India Mobile Operators Allowed to Trade Spectrum in M&A Boost

India allowed mobile-phone operators including Vodafone Group Plc to trade wireless airwaves with rivals as part of new rules that may prompt consolidation in the sector. Shares of carriers rose.

Trading airwaves will be permitted if they have been acquired through an auction since 2010 or the operator paid the market value to acquire them initially, according to a government statement in New Delhi Wednesday. Operators can only sell spectrum after two years of ownership and will need to clear all dues before any transactions.

“This is a positive for the whole sector from the consolidation viewpoint,” said Naveen Kulkarni, a Mumbai-based analyst at PhillipCapital (India) Pvt. by phone. “It will provide the much needed trigger. The license agreements, however, may need to be amended to include these changes and that might take a few months.”

Shares of mobile phone operator Reliance Communications Ltd. surged 12 percent Wednesday, the most almost five months. Billionaire Sunil Mittal-controlled Bharti Airtel Ltd.’s shares gained 1.8 percent while Idea Cellular Ltd. climbed 2 percent.

The new rules will help the Anil Ambani-controlled Reliance Communications to strike a nationwide pact for its 850 megahertz band with brother Mukesh Ambani’s Reliance Jio, according to Bloomberg TV-India. Jio is likely to roll out its $16 billion fourth generation cellular service by the end of this year.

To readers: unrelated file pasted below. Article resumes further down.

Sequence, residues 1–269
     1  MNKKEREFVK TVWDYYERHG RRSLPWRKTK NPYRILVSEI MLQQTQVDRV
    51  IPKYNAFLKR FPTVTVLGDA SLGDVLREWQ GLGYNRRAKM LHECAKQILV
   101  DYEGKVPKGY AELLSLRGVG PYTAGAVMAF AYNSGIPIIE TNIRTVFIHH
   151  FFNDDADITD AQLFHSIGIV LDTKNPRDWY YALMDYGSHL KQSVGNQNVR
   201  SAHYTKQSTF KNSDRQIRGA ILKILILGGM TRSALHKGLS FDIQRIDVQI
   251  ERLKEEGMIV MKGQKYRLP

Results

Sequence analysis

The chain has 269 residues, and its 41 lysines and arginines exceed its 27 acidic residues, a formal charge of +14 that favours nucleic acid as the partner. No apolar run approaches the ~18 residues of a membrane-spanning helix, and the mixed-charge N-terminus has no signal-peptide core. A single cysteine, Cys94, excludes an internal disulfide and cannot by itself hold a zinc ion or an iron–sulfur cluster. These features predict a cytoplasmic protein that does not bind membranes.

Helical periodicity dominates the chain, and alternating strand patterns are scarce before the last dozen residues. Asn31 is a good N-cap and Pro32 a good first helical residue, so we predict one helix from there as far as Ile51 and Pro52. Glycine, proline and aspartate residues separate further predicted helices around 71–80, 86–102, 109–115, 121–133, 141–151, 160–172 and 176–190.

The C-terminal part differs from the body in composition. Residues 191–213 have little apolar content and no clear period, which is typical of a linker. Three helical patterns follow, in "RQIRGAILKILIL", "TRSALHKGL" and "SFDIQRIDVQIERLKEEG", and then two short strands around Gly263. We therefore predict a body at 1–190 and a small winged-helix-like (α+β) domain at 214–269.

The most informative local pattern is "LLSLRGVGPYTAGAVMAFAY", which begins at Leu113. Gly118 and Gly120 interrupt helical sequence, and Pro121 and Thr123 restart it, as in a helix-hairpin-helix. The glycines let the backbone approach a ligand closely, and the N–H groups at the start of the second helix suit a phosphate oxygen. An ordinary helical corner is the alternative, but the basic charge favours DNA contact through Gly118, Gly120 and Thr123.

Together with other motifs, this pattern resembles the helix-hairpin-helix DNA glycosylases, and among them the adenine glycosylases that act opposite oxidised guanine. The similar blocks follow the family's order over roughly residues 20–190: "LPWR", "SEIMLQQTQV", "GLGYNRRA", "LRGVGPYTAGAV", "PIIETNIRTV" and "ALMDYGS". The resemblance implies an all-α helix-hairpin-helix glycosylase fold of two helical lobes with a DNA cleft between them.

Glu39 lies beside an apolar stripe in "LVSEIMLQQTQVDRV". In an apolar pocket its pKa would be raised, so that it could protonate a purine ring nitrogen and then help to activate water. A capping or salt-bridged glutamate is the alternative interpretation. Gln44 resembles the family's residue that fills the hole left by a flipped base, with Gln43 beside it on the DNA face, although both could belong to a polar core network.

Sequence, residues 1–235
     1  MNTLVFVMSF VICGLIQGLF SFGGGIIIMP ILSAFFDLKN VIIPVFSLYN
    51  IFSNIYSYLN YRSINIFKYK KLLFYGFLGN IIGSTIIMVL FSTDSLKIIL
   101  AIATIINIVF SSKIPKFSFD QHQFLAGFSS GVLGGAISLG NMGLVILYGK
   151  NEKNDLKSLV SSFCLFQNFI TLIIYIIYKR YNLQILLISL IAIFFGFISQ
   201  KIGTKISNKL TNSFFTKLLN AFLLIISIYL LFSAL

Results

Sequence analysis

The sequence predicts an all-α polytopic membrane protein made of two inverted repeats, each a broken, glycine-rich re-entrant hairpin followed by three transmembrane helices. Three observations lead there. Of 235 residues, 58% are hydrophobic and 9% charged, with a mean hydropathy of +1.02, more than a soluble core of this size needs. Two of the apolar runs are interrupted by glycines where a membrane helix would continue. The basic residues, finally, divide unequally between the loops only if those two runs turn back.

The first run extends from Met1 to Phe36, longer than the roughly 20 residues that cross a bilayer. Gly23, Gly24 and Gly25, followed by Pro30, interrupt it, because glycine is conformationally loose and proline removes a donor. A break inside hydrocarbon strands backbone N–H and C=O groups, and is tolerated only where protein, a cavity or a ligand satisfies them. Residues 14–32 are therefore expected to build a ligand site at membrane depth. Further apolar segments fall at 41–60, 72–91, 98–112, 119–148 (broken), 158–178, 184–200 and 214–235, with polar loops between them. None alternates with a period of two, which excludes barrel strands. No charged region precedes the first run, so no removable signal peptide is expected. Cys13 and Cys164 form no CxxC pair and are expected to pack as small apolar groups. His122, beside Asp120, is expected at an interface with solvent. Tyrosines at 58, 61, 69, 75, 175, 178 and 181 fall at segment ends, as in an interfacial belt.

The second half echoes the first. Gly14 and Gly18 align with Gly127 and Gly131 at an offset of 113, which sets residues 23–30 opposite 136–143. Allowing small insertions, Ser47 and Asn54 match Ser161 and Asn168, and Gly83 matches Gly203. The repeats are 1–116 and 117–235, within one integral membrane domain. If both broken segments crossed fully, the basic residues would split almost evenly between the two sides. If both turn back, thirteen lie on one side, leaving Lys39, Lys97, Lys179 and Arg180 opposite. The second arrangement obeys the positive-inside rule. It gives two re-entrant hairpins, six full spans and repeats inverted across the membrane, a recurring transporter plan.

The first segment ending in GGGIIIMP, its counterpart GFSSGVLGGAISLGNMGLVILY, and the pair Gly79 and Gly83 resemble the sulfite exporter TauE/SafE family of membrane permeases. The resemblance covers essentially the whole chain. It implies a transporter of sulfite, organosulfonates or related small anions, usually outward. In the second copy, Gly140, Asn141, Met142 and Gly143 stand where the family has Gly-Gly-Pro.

Reliance Jio, Sistema

The new regulations may also boost Reliance Communications’s talks to buy AFK Sistema’s Indian wireless unit in a all-stock deal.

In addition to prompting consolidation, the decision may improve call quality as carriers gain access to more spectrum in India’s overcrowded wireless market with more than

900 million subscribers. As many as 12 companies operate in 22 circles, or areas, with many having a minimum of seven providers.

Spectrum sharing rules were approved on Aug. 12, allowing pacts between operators having license in the same band.

The new regulations also require payment of a 1 percent, non-refundable fee to the government by the buyer. The license tenure will stay unchanged. This will lead to “harmonious spread” of wireless services across the country, government spokesman Frank Noronha wrote on Twitter after the new rules were approved.

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